For it was envisioned as a place of quiet remembrance and homage — “It is a primordial landscape gesture to create a ritual path within the forest,” explains Soumitro Ghosh, of Mathew and Ghosh Architects who designed the memorial.
It was curated as a ceremonial path in a forest clearance, where one could silently take a walk through time and history and meet the martyrs and know their tales and say a quiet prayer for those who died for our freedom.
“With the intent of giving back a forested city, the built form of the memorial hall was designed to disappear into the ground like a bunker. The structure below the ground meanders between the roots of the trees. There are 324 trees at the site, and only four eucalyptus trees were removed to accommodate the structure,” explains Ghosh.
One can clearly see that what was conceived and what currently exists, in terms of the desired effect, have little in common.
“The experience created through the architecture of the ritual path is hardly supported by the content on display. And much of the present display has been only followed in part to the design detail articulated for display by us,” says Ghosh, highlighting the various issues that have hampered the physical exhibition design.
The anger, hope, hurt and blues in Air Commodore M K Chandrashekhar’s echo in my head as I mentally compare the design map of the ‘Veera Bhoomi’ to what met my eyes.
“Freedom is not free. It comes at a price and this was the least we could do to show we value it,” says the veteran, as he chronicles the 11-year journey of the memorial.
The 78-foot stone that stands there had to be ferried from the quarry in Yelahanka, a good 45 km away and its transportation had delayed the project for a long period of time.
The Faujikids had even taken to online petitions and signature campaigns in 2018, met the Defence Minister, after which the then chief minister had directed that the 450- tonne stone be moved in time for Independence Day. But that too was another deadline gone by.
It was only in 2019 after 10 good years that the task to complete the memorial finally regained momentum. The process to move the stone was then put in motion and the stone finally reached the memorial. But troubles were far from over.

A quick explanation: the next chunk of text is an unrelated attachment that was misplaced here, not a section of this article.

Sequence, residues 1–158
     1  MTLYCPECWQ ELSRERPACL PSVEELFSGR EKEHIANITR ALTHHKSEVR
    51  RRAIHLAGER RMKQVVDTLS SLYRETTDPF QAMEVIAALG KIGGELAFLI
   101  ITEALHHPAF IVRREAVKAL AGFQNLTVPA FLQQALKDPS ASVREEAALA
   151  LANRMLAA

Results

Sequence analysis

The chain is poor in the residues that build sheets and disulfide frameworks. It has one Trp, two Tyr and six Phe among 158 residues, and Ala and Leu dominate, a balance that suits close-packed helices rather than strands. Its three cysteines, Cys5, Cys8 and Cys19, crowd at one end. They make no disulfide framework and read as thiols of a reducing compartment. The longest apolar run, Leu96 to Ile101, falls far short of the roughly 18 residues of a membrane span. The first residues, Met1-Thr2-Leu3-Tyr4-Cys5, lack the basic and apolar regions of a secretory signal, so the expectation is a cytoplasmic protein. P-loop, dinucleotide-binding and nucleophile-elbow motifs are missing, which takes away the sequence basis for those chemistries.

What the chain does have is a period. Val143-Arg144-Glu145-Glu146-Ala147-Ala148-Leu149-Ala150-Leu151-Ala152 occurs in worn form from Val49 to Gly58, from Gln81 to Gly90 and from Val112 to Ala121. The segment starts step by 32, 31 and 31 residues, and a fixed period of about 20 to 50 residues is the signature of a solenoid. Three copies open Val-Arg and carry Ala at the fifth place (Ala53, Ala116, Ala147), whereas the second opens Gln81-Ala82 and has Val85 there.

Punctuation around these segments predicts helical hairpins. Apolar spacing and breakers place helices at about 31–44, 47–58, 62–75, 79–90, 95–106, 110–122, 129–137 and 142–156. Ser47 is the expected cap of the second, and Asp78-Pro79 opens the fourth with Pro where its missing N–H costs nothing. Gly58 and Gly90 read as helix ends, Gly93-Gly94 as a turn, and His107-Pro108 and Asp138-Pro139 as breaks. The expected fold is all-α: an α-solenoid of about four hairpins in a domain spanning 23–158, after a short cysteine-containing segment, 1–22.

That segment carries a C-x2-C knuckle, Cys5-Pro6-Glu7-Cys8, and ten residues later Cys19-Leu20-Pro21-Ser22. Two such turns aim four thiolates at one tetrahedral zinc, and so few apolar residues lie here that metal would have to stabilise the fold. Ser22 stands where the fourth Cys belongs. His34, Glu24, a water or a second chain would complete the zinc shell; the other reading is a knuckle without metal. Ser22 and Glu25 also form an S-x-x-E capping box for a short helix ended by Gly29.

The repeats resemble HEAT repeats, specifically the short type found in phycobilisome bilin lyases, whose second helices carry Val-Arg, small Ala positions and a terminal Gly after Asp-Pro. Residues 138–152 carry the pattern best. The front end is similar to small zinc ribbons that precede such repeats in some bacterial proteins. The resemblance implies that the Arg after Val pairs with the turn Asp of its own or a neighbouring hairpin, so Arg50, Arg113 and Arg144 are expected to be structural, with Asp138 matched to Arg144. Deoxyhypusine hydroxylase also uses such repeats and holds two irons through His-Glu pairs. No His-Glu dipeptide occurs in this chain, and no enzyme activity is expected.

The sculptor, Ashok Gudigar, filed a case against the Bangalore Development Authority (BDA) demanding more payment (He continues to seek greater remuneration which the BDA terms unacceptable as an amount had been agreed upon at project commencement itself).
This delayed the installation by a few days until the Karnataka High Court disposed of the petition.
It was only after the Chief Minister intervened and sought that the memorial be completed at the earliest have things begun to change.
“I have requested the CM to reconstitute the trust and strengthen it and task it with making this beautiful and solemn memorial a matter of pride for our state and India,” says Chandrashekhar, now hopeful that things will change.
Yediyurappa has entrusted the task to his political secretary Shankar Gowda Patil, who is now overseeing the project. Meetings are being held at the park every fortnight that see all the agencies involved in attendance.
“We are behind schedule but nevertheless, now that the CM has personally taken charge, we are working on it to ensure all that went wrong in the last decade is set right,”assures Patil.
Requests for various military artefacts are being made, there is a dark room being setup so that visitors can have an experience of what the battlefield looks like at night and the nameplates for the three busts too are being readied for installation in the next 10 days.
“The motivation hall is being worked on. The simulation centre will be a functional one soon. All the plaques will be installed and the captions of all the sites on the large maps displayed will be in both Kannada and English, while suitable and qualified guides will be appointed,” explains Patil, adding that the next Kargil Vijay Diwas will surely see the memorial complete in all its grandeur.
“We are also working on having information boards displayed next to the tank, the missiles and the like that are on display. Plain artefacts are not our intention,” says Patil.
“The aim is to ensure that whoever visits the memorial and the motivation hall, walks out with pride,” remarks Patil, assuring that there won’t be any further delays.
When we asked him why not make it part of the Bengaluru Darshan, the official tour organised by the government every day for people visiting the city, Patil said, “Definitely. This is a suggestion we would like to consider and implement at the earliest.”